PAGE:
Ten words you didn’t know had German origins

I often get asked which English words have German origins.

I’m not talking about ‘baby’ or ‘party’, where they’re exactly the same word, I’m talking about the words you might think are English, when in actual fact they are German. You could easily google a list, but it’s probably more fun to read my Top 10.

  1. Poltergeist

That scary, invisible being in your home that continually opens cupboards and throws things at you… of course he’s German!

  1. Doppelganger

Also often with a paranormal insinuation, that crazy person you just saw who looks exactly like you, is also German.

  1. Wanderlust

The scenery around here makes you want to go wandering

Such a beautiful word, how can it be German you ask? This simply translates as having a desire to go wandering.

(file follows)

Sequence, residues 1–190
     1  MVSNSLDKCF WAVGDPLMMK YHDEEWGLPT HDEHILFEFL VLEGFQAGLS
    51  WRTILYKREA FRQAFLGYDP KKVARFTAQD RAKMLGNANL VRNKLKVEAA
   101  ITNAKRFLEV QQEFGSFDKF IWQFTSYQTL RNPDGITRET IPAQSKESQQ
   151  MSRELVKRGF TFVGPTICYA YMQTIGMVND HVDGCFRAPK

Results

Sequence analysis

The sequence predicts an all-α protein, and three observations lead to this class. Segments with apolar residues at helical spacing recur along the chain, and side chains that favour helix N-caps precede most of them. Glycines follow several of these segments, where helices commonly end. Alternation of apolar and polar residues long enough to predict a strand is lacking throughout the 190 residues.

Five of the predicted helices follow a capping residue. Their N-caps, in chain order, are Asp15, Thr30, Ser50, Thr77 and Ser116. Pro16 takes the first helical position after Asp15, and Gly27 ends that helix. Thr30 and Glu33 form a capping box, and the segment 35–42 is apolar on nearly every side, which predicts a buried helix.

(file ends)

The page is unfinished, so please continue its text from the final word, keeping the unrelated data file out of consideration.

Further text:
1. Kaput

I always laugh when I hear it now, because I’d generally only ever heard it being used in a half-joking kind of way. But it’s commonly used in Austria.

  1. Angst

If you’re scared of something here, you simply say you have ‘angst’ for it. Eg. I have angst about spiders

  1. Kindergarten

Most people know this one, but did anyone other than me just assume it because Arnold was in Kindergarten Cop?

  1. Abseil

New one for me! But apparently traversing down a rocky cliff face is a German word, who would have known?

  1. Zeppelin

Look at him, he’s German

It’s a funny sounding word, so it’s not really surprising. That giant blimp you see up in the sky… that’s a German word.

  1. Kitsch

The ‘sch’ is a dead giveaway that it’s a German word. It’s that tacky, arty stuff you have around your home. Oh, sorry, my bad, your random house ornaments are definitely classy.

  1. Hamster

Hamster is a German word
The scenery around here makes you want to go wandering

And one straight out of left field. Hamster, as I have recently discovered, is a German word. So go for it, give your furry friend a strong German name!

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